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Mexico's Military and the Murder at Zongolica (II)
Major discordances in the death of elderly woman
Erich Adolfo Moncada Cota (komodo)     Print Article 
Published 2007-04-10 08:14 (KST)   
In the first part of this article we reported the news of an alleged rape and killing of an indigenous 73-year-old poor woman, Ernestina Ascencio Rosario, in the town of Soledad Atzompa, state of Veracruz. Atzompa citizens accused Mexican army soldiers patrolling the area of committing the crime. President Felipe Calderon and the Defense Ministry stood up to defend the soldier's innocence, while opposition political parties, nongovernmental organizations and alternative media suggested otherwise. The implications of the case, despite the outcome, could become far-reaching.

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Mexico's Military and the Murder at Zongolica

During a newspaper interview, Mexican President Felipe Calderon declared, without being asked, that Ascencio's death was natural, due to a "neglected chronic gastritis," when investigations where inconclusive. Accordingly, five days later (1), Jose Luis Soberanes, ombudsman of the National Human Rights Commission (CNDH), agreed with this theory. Soberanes refused to acknowledge the possibility of rape, participation by military personnel, or facts to suggest an assassination. "It could be for natural causes," he assured based on a second autopsy made by the CNDH. Strangely, in a previous March 3 press release (2) the CNDH stated that Ascension "died due to the lesions she received."

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The CNDH later explained, "We have histopathologic data indicative of acute anemia caused by secondary digestive tube bleeding and to peptic gastric ulcers in a subject who suffered a malign hepatic neoplasia and a pneumonic process in recovery" (3).

The human rights institution issued preliminary results of a second autopsy made by its staff just five days after Calderon's "gastritis" statement. The document reads, "It is noticeable the inexistence of vaginal tearing on the victim presence of a rectal perforation was also discarded" and also denies any kind of "craneoencephalic trauma, fracture or cervical vertebrae luxation." The report totally contradicted the Veracruz state investigation. Rene Huerta, spokesman of an indigenous coalition in Zongolica, was cautious. He respected the inquiries and pleaded to wait for the report from the special prosecutor appointed by Gov. Fidel Herrera to compare results (4).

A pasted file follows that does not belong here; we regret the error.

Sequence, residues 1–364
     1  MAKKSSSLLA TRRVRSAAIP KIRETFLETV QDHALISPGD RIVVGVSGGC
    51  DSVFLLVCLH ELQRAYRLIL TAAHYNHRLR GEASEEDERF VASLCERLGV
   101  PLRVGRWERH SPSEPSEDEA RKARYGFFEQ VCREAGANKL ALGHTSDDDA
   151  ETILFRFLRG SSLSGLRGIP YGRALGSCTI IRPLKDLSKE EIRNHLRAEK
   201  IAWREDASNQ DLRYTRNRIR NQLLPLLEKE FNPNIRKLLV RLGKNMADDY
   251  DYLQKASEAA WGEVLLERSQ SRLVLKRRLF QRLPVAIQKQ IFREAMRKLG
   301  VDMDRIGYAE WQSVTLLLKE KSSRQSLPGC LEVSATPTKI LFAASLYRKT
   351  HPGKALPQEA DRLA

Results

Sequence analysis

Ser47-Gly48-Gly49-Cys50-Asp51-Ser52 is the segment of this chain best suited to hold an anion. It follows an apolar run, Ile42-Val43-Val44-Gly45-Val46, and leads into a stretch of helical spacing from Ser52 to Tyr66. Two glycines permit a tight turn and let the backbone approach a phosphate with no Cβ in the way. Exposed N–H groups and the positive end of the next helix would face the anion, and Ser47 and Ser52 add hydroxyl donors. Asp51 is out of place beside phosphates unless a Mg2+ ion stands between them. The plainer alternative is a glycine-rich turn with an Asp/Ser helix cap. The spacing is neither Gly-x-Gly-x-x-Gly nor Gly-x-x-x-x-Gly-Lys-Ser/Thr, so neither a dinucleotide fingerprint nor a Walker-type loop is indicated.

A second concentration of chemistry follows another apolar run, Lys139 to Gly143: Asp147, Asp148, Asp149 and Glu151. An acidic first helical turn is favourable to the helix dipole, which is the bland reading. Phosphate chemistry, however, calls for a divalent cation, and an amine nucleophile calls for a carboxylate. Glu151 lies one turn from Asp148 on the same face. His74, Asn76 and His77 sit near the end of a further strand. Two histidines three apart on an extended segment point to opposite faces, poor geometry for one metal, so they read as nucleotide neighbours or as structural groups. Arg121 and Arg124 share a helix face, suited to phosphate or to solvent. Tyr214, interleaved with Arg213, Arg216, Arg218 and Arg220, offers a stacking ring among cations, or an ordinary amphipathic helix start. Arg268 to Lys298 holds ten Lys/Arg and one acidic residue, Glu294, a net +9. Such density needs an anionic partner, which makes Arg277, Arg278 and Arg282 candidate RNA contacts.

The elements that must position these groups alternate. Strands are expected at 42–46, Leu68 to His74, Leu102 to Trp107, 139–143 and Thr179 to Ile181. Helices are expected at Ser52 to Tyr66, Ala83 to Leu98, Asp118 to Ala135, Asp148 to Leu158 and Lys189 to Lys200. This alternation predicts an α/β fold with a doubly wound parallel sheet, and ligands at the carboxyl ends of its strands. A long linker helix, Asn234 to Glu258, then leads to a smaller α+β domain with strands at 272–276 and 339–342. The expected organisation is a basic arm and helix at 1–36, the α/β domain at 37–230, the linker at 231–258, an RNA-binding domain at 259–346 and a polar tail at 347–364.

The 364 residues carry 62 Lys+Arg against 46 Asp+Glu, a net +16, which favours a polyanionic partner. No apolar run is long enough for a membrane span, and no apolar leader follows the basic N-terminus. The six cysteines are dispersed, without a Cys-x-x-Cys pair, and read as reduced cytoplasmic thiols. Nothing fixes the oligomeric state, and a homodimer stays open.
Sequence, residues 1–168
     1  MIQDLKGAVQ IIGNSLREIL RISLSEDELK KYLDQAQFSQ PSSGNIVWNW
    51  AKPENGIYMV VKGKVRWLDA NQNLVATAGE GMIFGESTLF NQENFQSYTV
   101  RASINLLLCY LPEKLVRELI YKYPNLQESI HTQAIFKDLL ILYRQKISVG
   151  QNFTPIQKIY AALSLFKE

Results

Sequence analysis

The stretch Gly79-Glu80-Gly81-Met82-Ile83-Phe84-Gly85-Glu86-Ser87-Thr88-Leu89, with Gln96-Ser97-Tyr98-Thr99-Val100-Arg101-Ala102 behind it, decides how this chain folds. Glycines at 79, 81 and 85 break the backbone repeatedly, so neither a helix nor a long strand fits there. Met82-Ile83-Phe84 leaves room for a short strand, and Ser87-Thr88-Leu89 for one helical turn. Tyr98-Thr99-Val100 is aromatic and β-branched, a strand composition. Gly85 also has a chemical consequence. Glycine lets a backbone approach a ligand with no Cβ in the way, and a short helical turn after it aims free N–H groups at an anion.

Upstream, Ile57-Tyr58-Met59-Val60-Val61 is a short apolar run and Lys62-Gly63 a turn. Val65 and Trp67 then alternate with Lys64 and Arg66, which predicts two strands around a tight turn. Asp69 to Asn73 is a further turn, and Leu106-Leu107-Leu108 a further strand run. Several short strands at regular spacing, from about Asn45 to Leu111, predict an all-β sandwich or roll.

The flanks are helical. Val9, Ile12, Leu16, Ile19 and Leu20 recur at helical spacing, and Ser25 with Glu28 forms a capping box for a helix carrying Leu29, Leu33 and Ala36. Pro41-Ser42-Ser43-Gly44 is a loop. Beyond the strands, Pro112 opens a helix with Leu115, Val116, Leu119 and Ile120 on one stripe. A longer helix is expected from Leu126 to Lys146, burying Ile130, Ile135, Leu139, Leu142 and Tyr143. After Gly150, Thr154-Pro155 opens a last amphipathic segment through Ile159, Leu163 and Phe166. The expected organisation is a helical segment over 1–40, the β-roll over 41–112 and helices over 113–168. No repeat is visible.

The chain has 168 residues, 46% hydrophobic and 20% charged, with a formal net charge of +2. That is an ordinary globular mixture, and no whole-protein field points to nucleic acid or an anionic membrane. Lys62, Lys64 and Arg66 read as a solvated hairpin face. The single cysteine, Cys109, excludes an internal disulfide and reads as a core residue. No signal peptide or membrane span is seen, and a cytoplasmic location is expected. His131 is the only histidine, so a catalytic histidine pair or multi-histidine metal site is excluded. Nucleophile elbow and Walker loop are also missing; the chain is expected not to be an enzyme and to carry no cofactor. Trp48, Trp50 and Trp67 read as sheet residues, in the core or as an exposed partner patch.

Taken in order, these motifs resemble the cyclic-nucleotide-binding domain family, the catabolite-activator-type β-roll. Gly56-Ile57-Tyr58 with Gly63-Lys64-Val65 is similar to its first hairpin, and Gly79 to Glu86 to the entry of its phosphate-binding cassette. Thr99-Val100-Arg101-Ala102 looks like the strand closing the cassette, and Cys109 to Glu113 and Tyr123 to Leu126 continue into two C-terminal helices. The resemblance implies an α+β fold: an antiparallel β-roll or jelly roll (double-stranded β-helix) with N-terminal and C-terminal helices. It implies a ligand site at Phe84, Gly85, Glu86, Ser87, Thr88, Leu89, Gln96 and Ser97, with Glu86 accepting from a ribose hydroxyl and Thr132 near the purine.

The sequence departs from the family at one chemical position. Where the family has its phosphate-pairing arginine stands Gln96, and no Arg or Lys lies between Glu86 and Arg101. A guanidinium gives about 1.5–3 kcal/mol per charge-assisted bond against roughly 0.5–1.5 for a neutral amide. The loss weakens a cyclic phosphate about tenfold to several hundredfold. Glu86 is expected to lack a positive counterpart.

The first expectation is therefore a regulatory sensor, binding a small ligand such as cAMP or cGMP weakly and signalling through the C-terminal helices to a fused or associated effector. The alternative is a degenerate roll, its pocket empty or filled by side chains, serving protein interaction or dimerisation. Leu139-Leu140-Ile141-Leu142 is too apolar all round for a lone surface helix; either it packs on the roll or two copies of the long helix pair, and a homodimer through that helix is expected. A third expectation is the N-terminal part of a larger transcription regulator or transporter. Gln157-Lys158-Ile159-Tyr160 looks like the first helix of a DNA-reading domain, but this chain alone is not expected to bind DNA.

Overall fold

An independent human rights NGO supported by Amnesty International, Centro Miguel Agustin Pro Juarez, criticized the speedy recount made by the CNDH compared to other high profile crises undertaken with lateness, like state repression in Atenco in 2005 or in Oaxaca in 2006 (5).

The Veracruz attorney general office informed on March 29 that three forensic experts in charge of Ascencio's necropsy were suspended and being subjected to a "rigorous investigation." The Mayor of Soledad Atzompa, Javier Perez (Democratic Revolutionary Party; PRD), attacked Soberanes and said the CNDH is "allied with the army and now it's against the affected indigenous people we feel terrible knowing Mr. Soberanes is trying to leave unpunished this attack on our older sister." Mayor Perez requested an audience with President Felipe Calderon and with the head of CNDH. He also set a 15-day ultimatum for the Defense Ministry to bring the men responsible to justice and publish the last autopsy results, otherwise protests would erupt in Veracruz and Mexico City.

On March 30, the main opposition force in Congress, the leftist PRD, tried to bring Soberanes to testify before congressmen but the initiative was boycotted by Jorge Zermeno, head of Congress, a militant of the ruling conservative PAN party (6).

In an interview (7), Jose Luis Soberanes reaffirmed "there was no rape. No homicide" and that the first necropsy was "badly done. It was totally irregular, full of omissions and negligence." He promised to sue the forensic officers of Veracruz for these acts.

That same day (8), Fidel Herrera, governor of Veracruz, backed his experts at a press conference. He showed copies of the death certificate (number 172772) showing the violent acts and told the media, "It was a crime, not natural death."

Similarly, Noemi Quirazco Hernandez, president of Veracruz State Commission of Human Rights (CEDHV), said, "I don't know a single case were a women denounced a rape act against her without being true, and much less being a 73-year-old woman. I don't believe it at all [the natural death story]" (9).

A day later Maria del Rocio Garcia, president of the National Women's Institute (INMUJERES), defended the army: "She was dying, she was babbling, I'm not trusting on what she said."

But five of Ascencio's children broke their silence and assured the press their mother was not suffering from gastritis and was not complaining of any kind of chronic illness. Julio Ascencio, the older sibling, asserted that his mom had a good appetite and went sheep grazing, walking eight kilometers each day. "She was never ill; she had check-ups at the clinic" (10). Meanwhile, the Veracruz government informed that forensic experts were preparing a report about the case suggesting their initial opinion could be sustained and presented to Governor Herrera in the coming days (11).

Let's review some of the major discordances in Ascencio's death: